On Tuesday, September 19th, 1989, UTA Flight 772, a French airline Union des Transports Aériens plane had a scheduled flight plan from Brazzaville in the People’s Republic of Congo, to N’Djamena in Chad, with a final destination of Paris CDG airport in France. The flight would end in tragedy, as a terrorist bomb went off near the front of the plane, causing a massive crash over the Sahara Desert near the town of Ténéré in Niger. All 155 passengers and 15 crew members on-board died.
The details of the memorial dedicated to terror victims of the crash has been filing around the internet recently, and was fantastically covered by a (uncredited?) writer at Viral Nova. “Eighteen years later, families of the victims gathered at the crash site to build a memorial. Due to the remoteness of the location, pieces of the wreckage could still be found at the site. The memorial was created by Les Familles de l’Attentat du DC-10 d’UTA, an association of the victims’ families along with the help of local inhabitants. The memorial was built mostly by hand and uses dark stones to create a 200-foot diameter circle. The Ténéré region is one of the most inaccessible places on the planet. The stones were trucked to the site from over 70 kilometers away. The memorial was built over the course of two months in May and June of 2007.”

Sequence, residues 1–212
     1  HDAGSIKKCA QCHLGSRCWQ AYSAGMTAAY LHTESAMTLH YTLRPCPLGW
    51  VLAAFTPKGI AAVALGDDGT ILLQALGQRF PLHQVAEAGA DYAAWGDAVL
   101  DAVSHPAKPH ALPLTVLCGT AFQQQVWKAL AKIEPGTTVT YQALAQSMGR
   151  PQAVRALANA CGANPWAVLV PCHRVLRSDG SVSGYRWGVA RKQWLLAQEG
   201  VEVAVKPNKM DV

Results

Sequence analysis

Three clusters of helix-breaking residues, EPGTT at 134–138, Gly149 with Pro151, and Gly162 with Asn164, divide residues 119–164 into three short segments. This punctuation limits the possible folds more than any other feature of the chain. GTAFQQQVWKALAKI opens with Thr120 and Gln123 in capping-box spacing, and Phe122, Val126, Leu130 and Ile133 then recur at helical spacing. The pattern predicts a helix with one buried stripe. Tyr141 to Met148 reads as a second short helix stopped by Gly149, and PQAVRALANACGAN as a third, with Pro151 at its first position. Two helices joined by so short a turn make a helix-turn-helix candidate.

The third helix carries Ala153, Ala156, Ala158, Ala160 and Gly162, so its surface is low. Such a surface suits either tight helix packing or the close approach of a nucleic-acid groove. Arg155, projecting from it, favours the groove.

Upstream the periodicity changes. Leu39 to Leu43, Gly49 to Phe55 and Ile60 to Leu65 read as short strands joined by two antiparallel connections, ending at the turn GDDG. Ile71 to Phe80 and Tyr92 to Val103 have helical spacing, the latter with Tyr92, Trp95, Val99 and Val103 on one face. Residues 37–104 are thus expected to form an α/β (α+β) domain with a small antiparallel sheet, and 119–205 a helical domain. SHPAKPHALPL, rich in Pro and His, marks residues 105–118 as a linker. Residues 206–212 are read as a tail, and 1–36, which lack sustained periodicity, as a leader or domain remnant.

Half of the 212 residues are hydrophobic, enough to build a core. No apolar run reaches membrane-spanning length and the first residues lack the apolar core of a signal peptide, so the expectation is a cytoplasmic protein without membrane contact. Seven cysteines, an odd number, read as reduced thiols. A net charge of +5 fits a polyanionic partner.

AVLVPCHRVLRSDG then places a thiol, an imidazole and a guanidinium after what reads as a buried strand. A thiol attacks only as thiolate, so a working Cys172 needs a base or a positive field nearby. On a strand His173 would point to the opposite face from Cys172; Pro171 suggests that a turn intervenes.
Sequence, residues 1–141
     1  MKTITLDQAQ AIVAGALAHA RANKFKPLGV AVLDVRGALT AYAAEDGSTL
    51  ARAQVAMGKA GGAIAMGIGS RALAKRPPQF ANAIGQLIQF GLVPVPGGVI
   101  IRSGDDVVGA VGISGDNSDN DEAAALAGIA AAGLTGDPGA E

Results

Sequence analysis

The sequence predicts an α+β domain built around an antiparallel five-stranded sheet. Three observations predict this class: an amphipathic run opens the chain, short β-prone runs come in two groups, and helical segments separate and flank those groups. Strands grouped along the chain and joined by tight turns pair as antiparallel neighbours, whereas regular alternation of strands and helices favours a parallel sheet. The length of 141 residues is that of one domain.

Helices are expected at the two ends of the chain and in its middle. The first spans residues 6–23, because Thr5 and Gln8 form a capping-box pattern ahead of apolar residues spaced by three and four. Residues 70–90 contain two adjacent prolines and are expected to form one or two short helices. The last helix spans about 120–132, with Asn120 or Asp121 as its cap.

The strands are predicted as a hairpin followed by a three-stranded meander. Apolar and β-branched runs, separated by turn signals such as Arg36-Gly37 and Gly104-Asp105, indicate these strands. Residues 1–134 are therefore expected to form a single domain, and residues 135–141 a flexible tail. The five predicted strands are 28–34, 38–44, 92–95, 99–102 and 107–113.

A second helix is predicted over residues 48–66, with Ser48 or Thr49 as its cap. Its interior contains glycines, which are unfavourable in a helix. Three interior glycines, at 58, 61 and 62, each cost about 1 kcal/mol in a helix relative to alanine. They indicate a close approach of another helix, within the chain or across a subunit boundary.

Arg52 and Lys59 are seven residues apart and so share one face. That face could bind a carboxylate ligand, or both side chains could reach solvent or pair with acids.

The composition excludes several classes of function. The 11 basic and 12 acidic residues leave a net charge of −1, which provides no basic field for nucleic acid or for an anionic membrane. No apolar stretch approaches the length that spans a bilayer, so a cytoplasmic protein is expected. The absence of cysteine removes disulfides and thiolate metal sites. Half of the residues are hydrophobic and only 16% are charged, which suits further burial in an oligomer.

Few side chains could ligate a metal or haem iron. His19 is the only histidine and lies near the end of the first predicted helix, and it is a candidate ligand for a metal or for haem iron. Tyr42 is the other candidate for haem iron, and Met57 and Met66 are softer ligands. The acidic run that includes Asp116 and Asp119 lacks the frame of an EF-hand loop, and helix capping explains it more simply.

“170 broken mirrors, representing each victim, were placed around the circumference of the memorial. The memorial is anchored by the starboard wing of the aircraft which was trucked to the site from 10 miles away. Workers had to dig up the wing and empty it of sand. The memorial was partly funded by the $170 million compensation package provided by the Libyan government [ed. the six terror suspects convicted were Libyan nationals, opposed to French involvement].“ Although an absolutely tragic story, the tale of this monument not only represents the resilience of the human spirit, but perhaps more importantly (and less clichéd) is the powerful human tendency to honor our loved ones. These kind of stories show people setting aside cultural/religious/ideological differences, and creating monuments or art together which will remain as a symbol of healing. (via viralnova)